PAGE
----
Judicial Watch: Bush wins (again)

Kinsley vs. O'Reilly continues. Plus: Fox News pundit Tony Snow is yanked from GOP site.


Anthony York
March 23, 2001 4:36AM (UTC)

Weblines

Andrew Sullivan.com: "Does Bill Kristol Like the Taliban?"
Opinion Journal: "Is McCain Gearing Up to Run for President in 2004?"
Michael Kinsley: Kinsley vs. O'Reilly, Part 3 -- "The Mystery of the Departing Guests"
Modern Humorist: "After the Cliché Rush"
WorldNet Daily: "The Temple Mount Dilemma"
Kausfiles: "Will Sex Save Bill Clinton?"
BuzzFlash.com: "Bush Budget Will Leave Many Children Behind!"

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Big buzz

The Associated Press reports that Judicial Watch says it has completed its recount of the Florida ballots, and the results are in. "Judicial Watch President Thomas Fitton said the study of ballots picked large counties that accounted for 70 percent of the undercounted ballots where no vote was recorded by machines," the AP reports. "He said it showed Bush would have picked up at least 107 votes more than Gore in six counties, enough to maintain his lead despite Al Gore's gains in two Democratic leaning counties." But the Judicial Watch probe looked only at disputed ballots in eight of the state's 67 counties.

A release on the Judicial Watch Web site states: "Of primary importance is that, after analyzing 42,724 of the 62,605 ballots reported as undervotes in Florida, it is the stated view of the independent accounting firm that a statewide recount of the Florida undervotes would not have changed the outcome of the presidential election."

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A rare liberal poster at Lucianne.com shows that no matter what the results of the subsequent recounts, the perception of who won the election will continue to break along partisan lines. "That he'll be president isn't in doubt since Uncle Tony appointed him. What is in doubt is if he actually got more votes than Gore in Florida. We already know that he didn't in the rest of the country. Judicial Watch, as always, is a laugh. We'll see what the impartial recounts disclose."

But the following post was more indicative of others in the thread: "Yes, be comforted by the fact that your hero Al Gore won more votes nationwide than Bush. Keep focusing on the past. Meanwhile, Bush is cleaning your party's clock on a regular basis. Check out those approval ratings. Not too shabby for an 'illegitimate' president, eh?"

The ongoing media recount, meanwhile, shows a pretty substantial Gore gain (see below).

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Florida: The Running Tally

The official, certified, Supreme Court-approved presidential Florida vote tally gave George W. Bush the state -- and the election -- by a mere 537 votes. But a number of newspapers have begun recounting those contested ballots, scrutinizing the overvotes (those with more than one punch per race) and undervotes (with all of their dimples and hanging chads), and coming up with their own totals. Some newspapers have formed consortiums (the New York Times, Wall Street Journal and Associated Press are one; the Miami Herald, USA Today and Knight Ridder are the other) and will be releasing their findings within a month.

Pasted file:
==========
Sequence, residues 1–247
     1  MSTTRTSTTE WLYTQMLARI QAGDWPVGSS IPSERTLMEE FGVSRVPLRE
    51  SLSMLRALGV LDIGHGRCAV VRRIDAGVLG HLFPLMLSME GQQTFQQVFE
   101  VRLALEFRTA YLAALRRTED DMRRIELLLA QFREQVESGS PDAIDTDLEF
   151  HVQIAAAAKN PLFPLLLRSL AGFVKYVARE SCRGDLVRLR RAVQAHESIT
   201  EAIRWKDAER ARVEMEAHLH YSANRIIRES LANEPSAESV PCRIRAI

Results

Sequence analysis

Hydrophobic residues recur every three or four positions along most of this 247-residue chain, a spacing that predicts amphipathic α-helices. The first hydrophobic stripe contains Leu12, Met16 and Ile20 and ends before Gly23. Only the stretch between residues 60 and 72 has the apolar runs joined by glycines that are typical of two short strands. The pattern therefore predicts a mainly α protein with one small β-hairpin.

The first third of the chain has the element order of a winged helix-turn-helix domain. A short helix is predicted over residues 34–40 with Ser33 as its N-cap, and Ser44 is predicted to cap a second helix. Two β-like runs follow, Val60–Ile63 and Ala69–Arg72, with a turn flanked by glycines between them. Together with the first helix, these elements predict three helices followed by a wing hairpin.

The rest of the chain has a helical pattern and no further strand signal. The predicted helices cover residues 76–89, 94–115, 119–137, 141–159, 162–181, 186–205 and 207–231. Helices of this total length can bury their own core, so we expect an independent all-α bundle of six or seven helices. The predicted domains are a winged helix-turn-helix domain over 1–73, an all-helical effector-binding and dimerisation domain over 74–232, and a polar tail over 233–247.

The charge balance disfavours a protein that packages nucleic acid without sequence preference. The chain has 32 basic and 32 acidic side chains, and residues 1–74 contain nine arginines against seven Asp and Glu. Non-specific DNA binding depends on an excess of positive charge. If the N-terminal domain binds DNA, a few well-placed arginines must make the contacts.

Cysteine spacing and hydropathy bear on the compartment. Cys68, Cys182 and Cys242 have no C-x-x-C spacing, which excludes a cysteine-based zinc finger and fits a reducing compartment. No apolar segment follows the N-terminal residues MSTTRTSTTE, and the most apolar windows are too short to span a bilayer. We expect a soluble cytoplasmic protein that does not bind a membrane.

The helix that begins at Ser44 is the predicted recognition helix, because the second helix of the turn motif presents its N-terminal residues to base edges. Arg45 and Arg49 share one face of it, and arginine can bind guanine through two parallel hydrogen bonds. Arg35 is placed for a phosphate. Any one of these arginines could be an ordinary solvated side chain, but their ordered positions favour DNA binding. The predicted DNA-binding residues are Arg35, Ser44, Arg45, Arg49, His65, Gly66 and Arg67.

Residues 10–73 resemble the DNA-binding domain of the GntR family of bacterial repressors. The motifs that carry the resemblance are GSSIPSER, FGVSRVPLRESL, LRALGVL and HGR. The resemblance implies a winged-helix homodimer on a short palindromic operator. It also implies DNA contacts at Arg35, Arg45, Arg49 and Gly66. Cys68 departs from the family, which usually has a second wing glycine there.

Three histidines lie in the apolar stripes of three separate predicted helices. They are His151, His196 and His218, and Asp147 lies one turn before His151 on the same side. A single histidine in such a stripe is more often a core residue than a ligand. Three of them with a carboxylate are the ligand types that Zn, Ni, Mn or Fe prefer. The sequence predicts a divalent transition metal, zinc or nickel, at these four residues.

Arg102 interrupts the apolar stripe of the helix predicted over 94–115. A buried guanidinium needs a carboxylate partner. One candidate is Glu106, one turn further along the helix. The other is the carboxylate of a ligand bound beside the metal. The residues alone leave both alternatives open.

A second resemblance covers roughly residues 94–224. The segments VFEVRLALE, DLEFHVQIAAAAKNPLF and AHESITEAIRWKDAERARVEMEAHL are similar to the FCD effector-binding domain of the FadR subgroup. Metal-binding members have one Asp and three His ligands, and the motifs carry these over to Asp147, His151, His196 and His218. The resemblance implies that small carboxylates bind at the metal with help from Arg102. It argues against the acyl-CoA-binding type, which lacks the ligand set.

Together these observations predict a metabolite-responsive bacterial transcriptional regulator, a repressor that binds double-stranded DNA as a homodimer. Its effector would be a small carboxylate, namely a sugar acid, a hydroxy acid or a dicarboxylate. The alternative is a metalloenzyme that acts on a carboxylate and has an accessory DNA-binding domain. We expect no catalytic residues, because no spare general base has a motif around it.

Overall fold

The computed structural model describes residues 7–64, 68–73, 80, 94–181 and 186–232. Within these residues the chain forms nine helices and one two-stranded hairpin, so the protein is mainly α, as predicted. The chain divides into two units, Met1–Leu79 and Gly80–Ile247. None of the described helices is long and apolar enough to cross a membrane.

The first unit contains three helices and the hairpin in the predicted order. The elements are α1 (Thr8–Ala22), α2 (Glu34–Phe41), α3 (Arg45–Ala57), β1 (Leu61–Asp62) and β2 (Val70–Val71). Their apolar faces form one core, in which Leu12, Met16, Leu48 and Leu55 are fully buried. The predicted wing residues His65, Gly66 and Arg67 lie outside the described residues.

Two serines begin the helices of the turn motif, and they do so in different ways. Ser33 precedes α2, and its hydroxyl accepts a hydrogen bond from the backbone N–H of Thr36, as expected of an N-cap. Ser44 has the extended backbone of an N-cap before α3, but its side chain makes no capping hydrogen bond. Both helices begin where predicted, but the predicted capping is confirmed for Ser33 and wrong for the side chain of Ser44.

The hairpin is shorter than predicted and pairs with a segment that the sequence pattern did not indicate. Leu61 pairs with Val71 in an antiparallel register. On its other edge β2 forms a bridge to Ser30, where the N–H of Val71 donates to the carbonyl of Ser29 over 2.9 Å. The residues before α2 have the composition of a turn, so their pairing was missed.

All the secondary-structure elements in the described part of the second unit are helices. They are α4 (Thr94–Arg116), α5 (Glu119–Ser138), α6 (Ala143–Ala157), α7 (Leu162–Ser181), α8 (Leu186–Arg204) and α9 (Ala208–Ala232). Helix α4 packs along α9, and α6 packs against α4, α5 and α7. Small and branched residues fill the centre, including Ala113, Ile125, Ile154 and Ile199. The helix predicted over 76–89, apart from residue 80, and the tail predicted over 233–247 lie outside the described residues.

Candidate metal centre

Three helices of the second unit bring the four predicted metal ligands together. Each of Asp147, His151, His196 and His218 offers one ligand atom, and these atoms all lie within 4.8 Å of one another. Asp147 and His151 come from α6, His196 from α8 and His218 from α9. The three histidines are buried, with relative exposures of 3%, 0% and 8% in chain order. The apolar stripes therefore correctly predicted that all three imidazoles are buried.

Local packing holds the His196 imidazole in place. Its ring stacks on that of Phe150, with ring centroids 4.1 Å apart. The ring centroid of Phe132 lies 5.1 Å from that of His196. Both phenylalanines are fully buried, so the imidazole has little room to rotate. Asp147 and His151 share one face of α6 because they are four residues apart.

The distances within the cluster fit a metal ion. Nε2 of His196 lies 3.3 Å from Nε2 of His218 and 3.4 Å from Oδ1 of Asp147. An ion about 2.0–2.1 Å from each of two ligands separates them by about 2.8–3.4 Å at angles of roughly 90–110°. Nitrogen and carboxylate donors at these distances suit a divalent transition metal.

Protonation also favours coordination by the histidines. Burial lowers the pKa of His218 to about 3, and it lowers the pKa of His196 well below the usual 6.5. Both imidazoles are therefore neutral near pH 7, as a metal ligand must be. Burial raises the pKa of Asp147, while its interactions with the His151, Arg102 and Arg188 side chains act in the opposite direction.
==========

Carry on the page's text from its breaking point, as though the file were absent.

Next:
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But early results are trickling in, bringing bittersweet good news for Al Gore. Though reaching one final number is difficult because different papers came up with different vote tallies in reviewing Miami-Dade and Palm Beach counties, one thing is clear: Gore would have gained anywhere from 7,658 to 7,800 votes in a statewide recount of overvotes and undervotes, more than enough to wipe out Bush's 537-vote advantage. Even using only undervotes, Gore would have picked up anywhere from 850 to 960 votes depending on which paper's numbers were used, still enough to carry Florida.

Here's a guide to the recounts, per county. The newspaper doing the recount is noted in parentheses:

Bradford County over- and undervotes: Gore +4 (Orlando Sentinel)
Charlotte County over- and undervotes: Gore +30 (OS)
Collier County undervotes: Bush +226 (Naples Daily News)
Franklin County over- and undervotes: Gore +3 (OS)
Gadsden County over- and undervotes: Gore +16 (OS)
Gulf County over- and undervotes: Gore +5 (OS)
Hamilton County over- and undervotes: Gore +2 (OS)
Hendry County over- and undervotes: Gore +4 (OS)
Hillsborough County undervotes (includes dimples): Gore +120 (Tampa Tribune)
Jackson County over- and undervotes: Gore +12 (OS)
Lafayette County over- and undervotes: Gore +1 (OS)
Lake County over- and undervotes: Gore +121 (OS)
Levy County over- and undervotes: Bush +2 (OS)
Miami-Dade County undervotes: Gore +49 (Miami Herald consortium)
Miami-Dade undervotes: Bush +6 (Palm Beach Post)
Okeechobee County over- and undervotes: Gore +25 (OS)
Orange County undervotes: Gore +203 (MH)
Osceola County undervotes: Gore +25 (OS)
Palm Beach overvotes: Gore +6,600 (PBP)
Palm Beach County undervotes (includes dimples): Gore +682 (PBP)
Palm Beach undervotes: Gore +784 (OS)
Seminole County undervotes: Gore +13 (OS)
Suwannee County over- and undervotes: Gore +5 (OS)
Taylor County over- and undervotes: Gore +9 (OS)

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Ongoing totals, by newspaper, with revised running total in parentheses:
Naples Daily News (Collier County only): Bush +226 (Bush +763)
Tampa Times (Hillsborough County): Gore +120 (Bush +417)
Miami Herald (Miami-Dade County): Gore +49 (Bush +488)
Palm Beach Post under- and overvotes (Palm Beach County): Gore +7,288 (Gore +6,751)
Palm Beach Post undervotes only (Palm Beach County): Gore +682 (Gore +151)
Orlando Sentinel: 1,264 (Gore +727)